Family Medicine Welcomes Primary Care Workforce Access Improvement Act

Changing graduate medical education will improve primary care physician workforce

FOR IMMEDIATE RELEASE   
Thursday, December 15, 2011

Contact:
Leslie Champlin
Senior Public Relations Strategist
American Academy of Family Physicians
(800) 274-2237 Ext. 5224
lchampli@aafp.org

LEAWOOD, Kan. — Family medicine educators and family physicians today hailed the introduction of the “Primary Care Workforce Access Improvement Act of 2011” as an important step toward ensuring that Americans have access to needed health care in the future.

The bipartisan legislation, introduced today by U.S. Reps. Cathy McMorris Rodgers, R-Wash., and Mike Thompson, D-Calif., establishes a system to test funding models that support primary care training where it is delivered. Under the pilot, a portion of graduate medical education payments would go directly to community-based primary care residency programs in a “money follows the resident” fashion. The entity would then collaborate with hospitals to provide necessary training in inpatient care.

The legislation drew strong support from the American Academy of Family Physicians, the Society of Teachers of Family Medicine, the Association of Departments of Family Medicine, the Association of Family Medicine Residency Directors and the North American Primary Care Research Group. Additionally, the bill is supported by the National Rural Health Association and WWAMI, the medical education partnership comprising Washington, Wyoming, Alaska, Montana and Idaho.

Currently, Medicare funding of graduate medical education is funneled solely through hospitals. The funding and payment formula do not substantively compensate for the costs of training in nonhospital settings, where most primary care services are provided. Primary care residents need to spend the bulk of their training in community settings where they will practice, according to Glen Stream, MD, MBI, president of the AAFP.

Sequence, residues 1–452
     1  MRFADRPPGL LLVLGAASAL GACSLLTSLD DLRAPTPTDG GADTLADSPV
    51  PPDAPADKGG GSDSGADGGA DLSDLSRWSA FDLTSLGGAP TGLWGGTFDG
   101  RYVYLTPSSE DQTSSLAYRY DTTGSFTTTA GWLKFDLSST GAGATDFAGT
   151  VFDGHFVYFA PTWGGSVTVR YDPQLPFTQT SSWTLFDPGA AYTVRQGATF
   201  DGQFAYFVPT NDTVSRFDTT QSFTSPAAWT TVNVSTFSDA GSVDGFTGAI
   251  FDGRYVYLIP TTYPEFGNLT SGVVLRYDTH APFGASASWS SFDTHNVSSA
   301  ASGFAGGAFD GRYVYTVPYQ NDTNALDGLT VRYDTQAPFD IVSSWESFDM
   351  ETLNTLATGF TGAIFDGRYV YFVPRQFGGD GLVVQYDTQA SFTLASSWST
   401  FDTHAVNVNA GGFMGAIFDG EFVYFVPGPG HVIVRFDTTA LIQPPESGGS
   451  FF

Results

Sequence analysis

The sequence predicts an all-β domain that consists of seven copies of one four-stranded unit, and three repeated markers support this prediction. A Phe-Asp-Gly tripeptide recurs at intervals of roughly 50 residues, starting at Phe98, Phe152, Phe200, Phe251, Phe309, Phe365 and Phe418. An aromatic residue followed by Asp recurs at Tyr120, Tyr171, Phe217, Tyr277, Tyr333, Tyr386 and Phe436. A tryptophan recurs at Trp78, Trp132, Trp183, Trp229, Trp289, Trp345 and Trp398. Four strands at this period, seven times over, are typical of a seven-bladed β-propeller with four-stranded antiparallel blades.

“This system doesn’t reflect the reality of our health care system,” said Stream. “More than 90 percent of care delivered by primary care physicians is in the community and the vast majority of patients get their care in community settings. So this is where much of the training for primary care doctors should occur.

“Funding for physician training directly influences the types of physicians we produce as a nation, and the current system doesn’t foster production of primary care physicians. That’s why this legislation is so important to Americans’ future access to the care they need.”

Jeri Hepworth, PhD, president of the Society for Teachers of Family Medicine, agreed. “This pilot temporarily shifts funding to entities whose sole mission is the education and training of primary care physicians. That means the educational focus will be on prevention, care coordination, implementation of the patient-centered medical home, and meeting the ongoing health care needs of families, as opposed to responding to acute episodes that require costly hospitalization.”

Research has consistently shown that health care systems based on primary medical care are more efficient and the patients have better outcomes. However, primary care physicians account for only 32 percent of all doctors in the United States, compared to the more than 40 percent recommended by researchers. Although medical student interest in family medicine has seen a modest growth in recent years, the U.S. graduate medical education system must dramatically increase the number of new family physicians to meet the burgeoning demand for their expertise and replace the aging and retiring primary care workforce.

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